March 5, 2014

Arapahoe, February 23

I came home from church to find Smut, my old black Labrador retriever, the picture of contentment. He was sitting in his favorite easy chair dressed in his finest smoking jacket with his red fez sitting at a jaunty angle, a cigar in his mouth and a glass of my good Scotch whisky on the table beside him. He was reading the Sunday paper, and two of his particle physics textbooks were lying on the table beside his glass of whisky.

Smut Rev IMG_2296“Well, hello old dog,” I said. “Glad to see you’re calm and content this afternoon.”

Smut gave me a dismissive look and resumed reading the paper. After pouring myself a cup of coffee, I sat down at my computer to check emails. As I put my hands on the keyboard, I felt something gritty and looked down to see distinctive paw prints and sand on the keyboard. I shook the sand out and went to Smut.

“You have been on my computer, silly mutt. What are you up to?”

Confronted with my anger and evidence, Smut’s air of self assurance dissipated and a look of guilt, then resignation, spread across his face. “All right, I confess,” he said contritely. “A few weeks ago I borrowed your credit card and joined”

“You used my credit card to join an online dating service! What were you thinking, you silly canine?”

“It was worth it, though,” he replied. “I met a wonderful Labrador named Bonnie, and I have been corresponding with her online. At night when you go to sleep, I talk to her on your cell phone.”

“That was dog slobber on my phone! I thought it felt nasty.”

“Bonnie and I have gotten to know each other and like each other,” he said.

“But you already have a companion,” I told him. “That’s why we got Mischief several years ago.”

“That’s what everyone thinks. Because they see us together, they think that Mischief and I are a couple. The truth, though, is that although I like Mischief very much, she doesn’t feel the same way about me. She thinks of me as a casual friend. And she’s younger than I, so we don’t share the same life experiences. When you feed us, she will not let me eat until she’s finished.”

“Well, I know Mischief can be a bit testy, but I thought you two were compatible.”

“No, I want someone I can talk to and feel comfortable with. Someone who shares my interests. Someone I can enjoy being with. Someone with whom I potentially can develop a deep and caring relationship. Bonnie is so nice, and she is interested in particle physics. She’s more interested in the practical side of physics, while I enjoy the theoretical aspects, but the interest is complementary. We’re like the Higgs boson and Inflation.”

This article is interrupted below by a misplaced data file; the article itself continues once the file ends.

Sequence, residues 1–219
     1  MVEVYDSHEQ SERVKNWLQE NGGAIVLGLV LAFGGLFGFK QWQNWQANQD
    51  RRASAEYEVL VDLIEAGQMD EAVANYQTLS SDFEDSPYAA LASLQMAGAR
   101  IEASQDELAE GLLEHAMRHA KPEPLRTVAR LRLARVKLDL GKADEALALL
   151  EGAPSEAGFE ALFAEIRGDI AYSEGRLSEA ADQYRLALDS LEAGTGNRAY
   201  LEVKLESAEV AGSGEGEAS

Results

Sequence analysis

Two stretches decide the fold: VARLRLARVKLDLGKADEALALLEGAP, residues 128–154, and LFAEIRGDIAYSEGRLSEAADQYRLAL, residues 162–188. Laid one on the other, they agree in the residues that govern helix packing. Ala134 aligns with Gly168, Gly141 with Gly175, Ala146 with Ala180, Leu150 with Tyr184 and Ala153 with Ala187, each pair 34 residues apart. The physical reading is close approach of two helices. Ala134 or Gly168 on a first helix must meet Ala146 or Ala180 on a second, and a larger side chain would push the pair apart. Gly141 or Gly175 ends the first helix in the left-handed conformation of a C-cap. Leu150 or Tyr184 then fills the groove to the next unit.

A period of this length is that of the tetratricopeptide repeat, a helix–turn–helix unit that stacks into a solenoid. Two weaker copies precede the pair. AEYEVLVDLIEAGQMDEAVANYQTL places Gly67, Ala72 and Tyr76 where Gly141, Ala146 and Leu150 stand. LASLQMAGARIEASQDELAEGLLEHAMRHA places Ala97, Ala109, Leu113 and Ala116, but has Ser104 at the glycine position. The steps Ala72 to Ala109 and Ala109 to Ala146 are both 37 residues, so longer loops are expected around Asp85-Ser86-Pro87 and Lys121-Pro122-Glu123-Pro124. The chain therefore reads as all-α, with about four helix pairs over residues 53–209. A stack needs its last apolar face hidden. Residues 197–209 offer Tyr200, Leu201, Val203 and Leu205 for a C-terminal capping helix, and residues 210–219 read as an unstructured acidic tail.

I did not know the old dog could be so eloquent in expressing his feelings. I didn’t understand the bit about the Higgs boson and Inflation, though. “What is that,” I asked him.

“The Higgs boson is a scalar particle that contributes sense to the standard particle physics model, and the Inflation is a scalar particle that contributes sense to the cosmology standard model, the Big Bang theory. As you would say it, ‘Bonnie and I are two peas in a pod.’”

“Oh. Where does Bonnie live,” I asked.

“She lives in Raleigh,” he said.

Understanding where the conversation was going, I told Smut, “That’s too bad, old dog. I’m not going to take you back and forth to Raleigh to develop a relationship no matter how wonderful Bonnie is. It’s too far.”

Smut looked at me imploringly. “Please,” he said, “We like each other and we want to meet nose to nose.”

“Not gonna happen, dog,” I told him. “Have you even seen a picture of Bonnie? What does she look like?”

“No, I haven’t seen a picture of her.”

“Well, what if she looks like a…” I realized that what I was going to say was both ugly and of course pointless.

“I don’t need a picture to know that she is beautiful,” Smut said. “I know that from talking to her and getting to know her.”

“Well, it’s just too far to travel,” I repeated.

Smut crossed his paws, looked at me calmly and said, “Bonnie’s human told her it was all right to invite me to visit this Friday. One way or another, I’m going to Raleigh.”

“What do you know about Bonnie’s human,” I asked.

“Bonnie says she is sweet and loving to her and a good companion. They live alone.”

Well, that piqued my interest. I gave in and said, “OK, Smut, we’ll go up to Raleigh.”

Raleigh, February 28

After we knocked on the front door, we were met by a black Lab that looked like Smut, and a very attractive human, uh, woman. Bonnie and Smut performed the obligatory sniffing and then went into the back yard. Bonnie’s human and I talked on the back porch.

Both dogs are near the end of their lifespans, but that was not apparent as they romped around the backyard, quite obviously smiling and having fun being with each other. They looked so happy! It reminded me of how Smut had been as a puppy and a young dog, before the arthritis set in, and before he acquired his distasteful habits involving cigars and Scotch. Smut was right, of course, about Bonnie’s appearance; to him Bonnie is beautiful.